Despite the honorable desire of the employer to take responsibility for the well-being of the unborn babies in these cases, it is important to note that the law and previous Supreme Court cases have determined that it is not the responsibility of employers to make decisions to protect the well-being of the unborn children of their employees, but rather the sole responsibility of the mothers involved. For employers, this could be a release of guilt if a mother’s decision to work jeopardizes her unborn child. The true benefit for this is that the women carrying their children should be able to have control over what they can or cannot do, without the arbitrary decisions of companies that are driven by the bottom line.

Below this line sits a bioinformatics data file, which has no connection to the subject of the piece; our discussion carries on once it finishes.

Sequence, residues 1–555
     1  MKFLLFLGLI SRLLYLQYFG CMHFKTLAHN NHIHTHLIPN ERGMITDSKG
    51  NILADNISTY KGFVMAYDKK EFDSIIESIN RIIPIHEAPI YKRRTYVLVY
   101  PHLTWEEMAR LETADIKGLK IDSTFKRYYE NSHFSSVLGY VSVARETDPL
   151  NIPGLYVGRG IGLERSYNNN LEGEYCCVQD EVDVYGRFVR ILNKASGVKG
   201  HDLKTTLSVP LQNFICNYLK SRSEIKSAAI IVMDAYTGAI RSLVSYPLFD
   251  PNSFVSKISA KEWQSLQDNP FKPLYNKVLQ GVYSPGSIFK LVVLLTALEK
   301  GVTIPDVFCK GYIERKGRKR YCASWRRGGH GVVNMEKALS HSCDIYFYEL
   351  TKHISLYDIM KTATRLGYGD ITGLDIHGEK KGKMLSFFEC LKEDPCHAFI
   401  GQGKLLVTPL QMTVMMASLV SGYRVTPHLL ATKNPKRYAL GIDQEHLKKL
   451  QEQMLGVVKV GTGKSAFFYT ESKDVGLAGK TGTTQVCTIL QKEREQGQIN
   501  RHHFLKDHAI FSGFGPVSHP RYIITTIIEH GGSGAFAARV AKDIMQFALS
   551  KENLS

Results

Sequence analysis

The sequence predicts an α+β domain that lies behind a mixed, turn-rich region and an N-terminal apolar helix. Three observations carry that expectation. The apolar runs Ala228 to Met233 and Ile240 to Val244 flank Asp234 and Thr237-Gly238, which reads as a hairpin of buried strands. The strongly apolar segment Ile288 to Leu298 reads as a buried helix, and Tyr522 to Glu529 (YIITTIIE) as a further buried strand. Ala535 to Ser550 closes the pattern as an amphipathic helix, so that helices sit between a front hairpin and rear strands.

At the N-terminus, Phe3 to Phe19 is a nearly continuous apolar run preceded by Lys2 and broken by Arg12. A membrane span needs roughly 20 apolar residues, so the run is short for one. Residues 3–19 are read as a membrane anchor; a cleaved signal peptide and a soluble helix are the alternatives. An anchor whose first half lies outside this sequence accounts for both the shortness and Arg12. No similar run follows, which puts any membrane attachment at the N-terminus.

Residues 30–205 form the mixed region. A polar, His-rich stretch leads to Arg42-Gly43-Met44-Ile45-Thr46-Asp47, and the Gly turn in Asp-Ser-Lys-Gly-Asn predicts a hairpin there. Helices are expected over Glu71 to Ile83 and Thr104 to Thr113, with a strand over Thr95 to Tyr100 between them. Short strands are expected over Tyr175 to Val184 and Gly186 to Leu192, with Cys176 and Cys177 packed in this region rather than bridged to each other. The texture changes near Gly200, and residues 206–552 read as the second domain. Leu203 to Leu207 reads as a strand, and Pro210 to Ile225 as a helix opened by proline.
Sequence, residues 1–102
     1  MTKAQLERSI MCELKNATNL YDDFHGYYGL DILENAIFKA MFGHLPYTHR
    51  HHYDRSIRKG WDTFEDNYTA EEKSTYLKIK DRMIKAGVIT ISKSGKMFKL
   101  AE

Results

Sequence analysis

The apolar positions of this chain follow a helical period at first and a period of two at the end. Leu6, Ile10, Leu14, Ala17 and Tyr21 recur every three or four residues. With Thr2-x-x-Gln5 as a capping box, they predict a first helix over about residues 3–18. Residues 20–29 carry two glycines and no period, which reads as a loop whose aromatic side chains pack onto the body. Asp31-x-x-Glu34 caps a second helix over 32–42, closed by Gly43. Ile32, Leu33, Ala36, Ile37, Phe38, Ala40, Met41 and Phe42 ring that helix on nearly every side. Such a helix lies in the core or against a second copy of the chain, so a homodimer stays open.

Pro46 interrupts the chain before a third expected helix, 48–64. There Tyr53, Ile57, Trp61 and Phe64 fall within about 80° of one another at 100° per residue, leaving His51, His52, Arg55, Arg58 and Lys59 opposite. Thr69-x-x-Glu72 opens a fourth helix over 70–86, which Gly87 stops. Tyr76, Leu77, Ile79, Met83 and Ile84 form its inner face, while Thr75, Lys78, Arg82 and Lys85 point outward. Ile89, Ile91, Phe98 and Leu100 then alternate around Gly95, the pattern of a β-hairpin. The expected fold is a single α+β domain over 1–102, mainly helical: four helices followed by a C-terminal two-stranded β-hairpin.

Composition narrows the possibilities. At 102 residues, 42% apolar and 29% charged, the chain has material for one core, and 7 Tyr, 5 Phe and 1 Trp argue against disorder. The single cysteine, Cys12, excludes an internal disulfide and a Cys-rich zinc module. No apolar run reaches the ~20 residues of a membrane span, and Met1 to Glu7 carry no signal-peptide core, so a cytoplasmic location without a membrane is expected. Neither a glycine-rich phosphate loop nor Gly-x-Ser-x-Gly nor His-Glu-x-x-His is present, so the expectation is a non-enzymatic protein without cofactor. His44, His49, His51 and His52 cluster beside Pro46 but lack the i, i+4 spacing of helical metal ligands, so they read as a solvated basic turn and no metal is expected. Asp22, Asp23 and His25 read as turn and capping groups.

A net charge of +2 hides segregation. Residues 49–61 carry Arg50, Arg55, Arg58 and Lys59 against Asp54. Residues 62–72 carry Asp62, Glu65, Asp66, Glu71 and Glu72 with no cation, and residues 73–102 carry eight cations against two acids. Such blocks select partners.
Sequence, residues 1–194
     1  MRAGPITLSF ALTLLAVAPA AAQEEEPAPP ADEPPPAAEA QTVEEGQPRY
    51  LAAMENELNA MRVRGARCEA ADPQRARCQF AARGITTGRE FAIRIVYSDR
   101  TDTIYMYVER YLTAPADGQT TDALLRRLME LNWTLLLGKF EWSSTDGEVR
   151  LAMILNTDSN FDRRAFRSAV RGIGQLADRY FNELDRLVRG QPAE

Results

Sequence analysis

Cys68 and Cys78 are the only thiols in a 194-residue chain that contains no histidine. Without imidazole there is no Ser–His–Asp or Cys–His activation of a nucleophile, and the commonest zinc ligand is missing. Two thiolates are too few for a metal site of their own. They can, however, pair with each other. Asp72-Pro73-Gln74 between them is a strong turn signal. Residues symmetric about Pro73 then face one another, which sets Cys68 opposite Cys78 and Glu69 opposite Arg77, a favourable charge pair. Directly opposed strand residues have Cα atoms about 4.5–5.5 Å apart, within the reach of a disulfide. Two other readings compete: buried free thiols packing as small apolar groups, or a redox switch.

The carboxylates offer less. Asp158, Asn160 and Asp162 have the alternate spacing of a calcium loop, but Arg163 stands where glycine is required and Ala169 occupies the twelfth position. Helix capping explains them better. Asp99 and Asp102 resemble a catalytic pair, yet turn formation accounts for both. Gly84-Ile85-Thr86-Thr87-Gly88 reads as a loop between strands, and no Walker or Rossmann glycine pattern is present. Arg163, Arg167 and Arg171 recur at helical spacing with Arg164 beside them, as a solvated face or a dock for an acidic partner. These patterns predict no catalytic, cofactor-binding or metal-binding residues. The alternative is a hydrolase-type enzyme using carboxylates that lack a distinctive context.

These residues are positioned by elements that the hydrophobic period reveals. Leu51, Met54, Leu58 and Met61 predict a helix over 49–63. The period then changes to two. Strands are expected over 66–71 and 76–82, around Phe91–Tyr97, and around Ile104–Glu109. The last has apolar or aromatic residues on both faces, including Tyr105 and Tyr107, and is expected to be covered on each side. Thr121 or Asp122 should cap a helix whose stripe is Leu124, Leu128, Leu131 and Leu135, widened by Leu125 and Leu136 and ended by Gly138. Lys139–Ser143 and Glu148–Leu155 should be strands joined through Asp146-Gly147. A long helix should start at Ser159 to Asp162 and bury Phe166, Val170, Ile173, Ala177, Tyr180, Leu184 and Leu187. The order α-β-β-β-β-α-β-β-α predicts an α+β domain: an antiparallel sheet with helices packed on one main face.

The EEOC cannot be the only protector of these cases of injustice and discrimination in the workplace. It is important for all employees, and especially women, to know their rights in a situation where they are facing a pregnancy in the workplace. Under the laws of this country, mothers-to-be are protected and have the law on their side. The Law offices of Valli, Kane, and Vagnini are specially equipped to help any victim of this or any other kind of discrimination in the workplace. Contact them for a free consultation to make sure that your rights are protected.